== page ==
Homestead Update for November and the first half of December
The beginning of November was still relatively warm, at least from the perspective of someone who is not only from the Michigan/Indiana area, but has gone four years without heat in their house in the heavy-lake-effect snow area around South Bend. Although most of the dedicadious trees had already long dropped their leaves, the oaks were the last to do so. In the spring, they were also the last to leaf out. In fact, earlier this year we were worried all our oaks were dead or diseased since every single other tree that leafed out but the oaks. But it turned out that their natural life-cycle is to leaf out later than other trees, and in turn they lose their leaves later than other trees.
It wasn’t until the middle of November that it started to get really cold at night. When it started to get cold, it wasn’t long before it was nearly unbearable. We hung blankets up in one room of the cabin, ran an electric heater, the dehydrator, all our electric lights, the computer, and every electronic item with a heating element to get as much heat as we could to get through the last couple of weeks of November till the December money came. Then we spent every spare cent on ordering a wood-burning stove. Of course, it’d be ideal if we could buy these things BEFORE we need them so desperately, but oh well, it is what it is. If nothing else, with every improvement we make, we really truly appreciate everything we get. Things that most Americans take for granted, we never will again. Everything will be precious and amazing. We didn’t even have electricity the first few months we were out here.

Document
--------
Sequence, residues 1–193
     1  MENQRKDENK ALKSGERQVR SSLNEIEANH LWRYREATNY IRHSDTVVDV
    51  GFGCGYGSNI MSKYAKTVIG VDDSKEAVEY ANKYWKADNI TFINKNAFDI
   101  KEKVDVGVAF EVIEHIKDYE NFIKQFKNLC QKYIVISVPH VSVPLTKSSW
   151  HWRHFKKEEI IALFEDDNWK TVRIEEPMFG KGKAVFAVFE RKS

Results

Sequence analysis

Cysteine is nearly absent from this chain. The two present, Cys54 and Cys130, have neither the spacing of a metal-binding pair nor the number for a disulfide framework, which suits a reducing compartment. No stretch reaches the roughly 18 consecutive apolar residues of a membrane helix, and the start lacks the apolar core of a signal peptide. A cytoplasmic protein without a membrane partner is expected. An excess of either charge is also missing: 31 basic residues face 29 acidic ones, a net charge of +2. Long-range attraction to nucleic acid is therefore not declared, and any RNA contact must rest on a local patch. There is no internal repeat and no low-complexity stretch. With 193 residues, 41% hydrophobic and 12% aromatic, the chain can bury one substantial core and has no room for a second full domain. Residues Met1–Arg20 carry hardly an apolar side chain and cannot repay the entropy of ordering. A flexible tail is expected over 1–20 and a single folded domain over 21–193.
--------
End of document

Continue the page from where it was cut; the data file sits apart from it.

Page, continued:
The woodstove didn’t arrive until December 8th. It came with some of the stovepipe for it, but I had to get a ride to town to buy the elbow pipe it needed. The next day, I went to my neighbor’s place to ask for help installing the stove, since he had done it for a living for years, and we didn’t know what we were doing. This was not something that we wanted to risk screwing up as a “learn-as-you-go” kind of thing. Tom (*all the names of my neighbors and friends have been changed for their privacy) and his wife Jessica* are awesome people. I have not been at their place a lot in the last year; that’s on purpose. Everybody out here moved to the woods for a reason, and it was usually to get away from daily contact with people. But when they have driven by, they always waved. Sometimes they stopped for a minute to chat. And when we needed help (either a ride to get food or water after the car broke down, or something more serious) they have jumped to help us. They are good people.